So what did Rob Cox say following news of the fatal shootings at the Capital Gazette by Jarrod Ramos, who had sued the paper for defamation six years ago and lost his case in 2015? Here is what Cox tweeted and later deleted:

This is what happens when @realDonaldTrump calls journalists the enemy of the people. Blood is on your hands, Mr. President. Save your thoughts and prayers for your empty soul.

At least four people killed in Maryland newspaper shooting: reports https://t.co/BXNOhj5BDx

— Rob Cox (@rob1cox) June 28, 2018

Cox is, clearly biased and deranged. Credit due to Steve Adler for responding promptly.


TIME: The fake but accurate magazine

Sunday, 24 June, 2018

Here’s the explainer: “The original version of this story misstated what happened to the girl in the photo after she taken from the scene. The girl was not carried away screaming by U.S. Border Patrol agents; her mother picked her up and the two were taken away together.”

That’s the correction TIME Magazine added to this week’s controversial anti-Trump cover story:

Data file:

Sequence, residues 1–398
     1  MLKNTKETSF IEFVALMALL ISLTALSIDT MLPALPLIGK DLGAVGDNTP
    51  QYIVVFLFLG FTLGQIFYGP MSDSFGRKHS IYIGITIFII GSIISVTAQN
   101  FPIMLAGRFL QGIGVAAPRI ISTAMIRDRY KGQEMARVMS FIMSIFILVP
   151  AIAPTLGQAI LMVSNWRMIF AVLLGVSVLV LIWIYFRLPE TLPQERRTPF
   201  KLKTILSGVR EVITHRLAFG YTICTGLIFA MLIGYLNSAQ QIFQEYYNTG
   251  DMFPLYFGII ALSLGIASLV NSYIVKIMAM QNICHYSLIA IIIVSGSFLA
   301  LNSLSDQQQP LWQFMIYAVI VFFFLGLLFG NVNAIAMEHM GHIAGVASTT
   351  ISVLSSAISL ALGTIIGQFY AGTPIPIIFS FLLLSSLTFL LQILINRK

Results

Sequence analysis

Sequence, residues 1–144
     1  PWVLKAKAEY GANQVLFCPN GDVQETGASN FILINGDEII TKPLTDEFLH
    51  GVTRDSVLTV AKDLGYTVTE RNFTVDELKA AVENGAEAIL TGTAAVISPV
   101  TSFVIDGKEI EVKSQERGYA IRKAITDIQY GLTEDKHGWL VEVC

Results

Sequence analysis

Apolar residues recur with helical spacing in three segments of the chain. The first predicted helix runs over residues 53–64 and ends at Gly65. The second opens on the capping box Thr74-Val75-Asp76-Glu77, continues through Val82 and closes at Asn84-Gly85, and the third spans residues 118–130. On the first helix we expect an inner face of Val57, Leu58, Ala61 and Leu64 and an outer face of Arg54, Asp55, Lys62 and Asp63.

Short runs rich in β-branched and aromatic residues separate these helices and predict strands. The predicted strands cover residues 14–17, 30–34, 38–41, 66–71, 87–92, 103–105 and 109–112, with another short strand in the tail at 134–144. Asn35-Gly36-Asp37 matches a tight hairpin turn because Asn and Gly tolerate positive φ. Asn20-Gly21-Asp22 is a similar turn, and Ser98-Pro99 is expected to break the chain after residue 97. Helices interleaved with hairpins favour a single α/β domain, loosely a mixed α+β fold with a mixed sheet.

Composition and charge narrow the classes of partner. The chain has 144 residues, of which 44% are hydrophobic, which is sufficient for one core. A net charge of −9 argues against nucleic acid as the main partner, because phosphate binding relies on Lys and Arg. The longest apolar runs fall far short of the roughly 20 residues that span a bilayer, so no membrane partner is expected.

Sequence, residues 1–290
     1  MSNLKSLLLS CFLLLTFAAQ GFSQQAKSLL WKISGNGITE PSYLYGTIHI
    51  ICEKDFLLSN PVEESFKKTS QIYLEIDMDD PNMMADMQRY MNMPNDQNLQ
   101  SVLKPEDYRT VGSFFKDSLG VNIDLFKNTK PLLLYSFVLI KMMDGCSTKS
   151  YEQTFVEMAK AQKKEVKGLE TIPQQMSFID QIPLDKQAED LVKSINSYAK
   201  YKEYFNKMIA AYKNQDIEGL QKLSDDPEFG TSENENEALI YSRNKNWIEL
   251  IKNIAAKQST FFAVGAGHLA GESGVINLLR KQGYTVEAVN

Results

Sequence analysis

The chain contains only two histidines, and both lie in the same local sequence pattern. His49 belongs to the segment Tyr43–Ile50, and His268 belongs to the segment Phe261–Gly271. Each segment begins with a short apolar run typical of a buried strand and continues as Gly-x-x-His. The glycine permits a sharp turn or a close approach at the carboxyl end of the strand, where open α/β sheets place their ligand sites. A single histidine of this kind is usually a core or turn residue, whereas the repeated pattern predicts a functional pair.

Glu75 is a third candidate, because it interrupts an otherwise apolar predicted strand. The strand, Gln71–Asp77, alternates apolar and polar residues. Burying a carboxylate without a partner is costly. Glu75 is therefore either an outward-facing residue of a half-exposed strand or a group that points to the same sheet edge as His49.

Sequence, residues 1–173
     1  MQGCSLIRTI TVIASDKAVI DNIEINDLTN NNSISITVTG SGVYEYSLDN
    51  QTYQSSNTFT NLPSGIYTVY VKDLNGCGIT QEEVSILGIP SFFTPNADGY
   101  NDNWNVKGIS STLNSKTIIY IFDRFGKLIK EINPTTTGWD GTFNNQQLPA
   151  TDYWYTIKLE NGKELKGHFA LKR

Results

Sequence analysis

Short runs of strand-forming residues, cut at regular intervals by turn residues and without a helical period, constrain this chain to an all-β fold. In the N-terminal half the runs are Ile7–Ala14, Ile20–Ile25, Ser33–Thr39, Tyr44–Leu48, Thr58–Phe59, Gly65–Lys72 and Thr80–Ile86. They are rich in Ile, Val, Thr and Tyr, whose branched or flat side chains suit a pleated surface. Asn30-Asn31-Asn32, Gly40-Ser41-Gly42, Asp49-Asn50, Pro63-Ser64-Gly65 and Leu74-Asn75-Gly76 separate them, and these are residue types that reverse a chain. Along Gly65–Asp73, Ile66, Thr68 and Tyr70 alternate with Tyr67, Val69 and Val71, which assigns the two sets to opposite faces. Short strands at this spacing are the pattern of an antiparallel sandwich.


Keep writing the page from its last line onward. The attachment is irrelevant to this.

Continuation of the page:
Headline: “‘All I Wanted to Do Was Pick Her Up.’ How a Photographer at the U.S.-Mexico Border Made an Image America Could Not Ignore”

Sub-head: “‘This one was tough for me. As soon as it was over, they were put into a van. I had to stop and take deep breaths,” Getty photographer John Moore said'”

It should be a big story when TIME Photoshops, misleads and the apologizes, but journalism isn’t what it used to be and the TIME has adopted a new low standard: fake but accurate.

TIME


They were against McCain before they were for him

Sunday, 13 May, 2018 0 Comments

Suddenly, the gallant old naval pilot, John McCain, is a Hero of The Left. This might have to do with a surge in leftist support for McCain’s belief in the importance of the warrior to the defence of freedom and the West, or it may be connected to McCain’s opposition to many of President Trump’s policies. The reader must decide.

But there’s more to this new wave of admiration for the man who fought Hanoi Jane Fonda’s bestie, Ho Chi Minh, than meets the eye. If we scroll back to late 2008, when John McCain was running against Barack Obama for the presidency of the USA, we can learn a lot from how the media apparatus treated him then. Consider the role of that bastion of liberal ideals, The Atlantic. Its October 2008 cover story was titled “Why War is His Answer – Inside the Mind of John McCain” and the author was one Jeffrey Goldberg, who went to become an Obama administration sycophant for eight years. But a picture is worth more than ten thousand of Goldberg’s words so the snapper hired to do the (hit) job on McCain was a famous “#Resistance” operative named Jill Greenberg. Here’s how she deployed her skills to take the photo that helped sink the McCain campaign: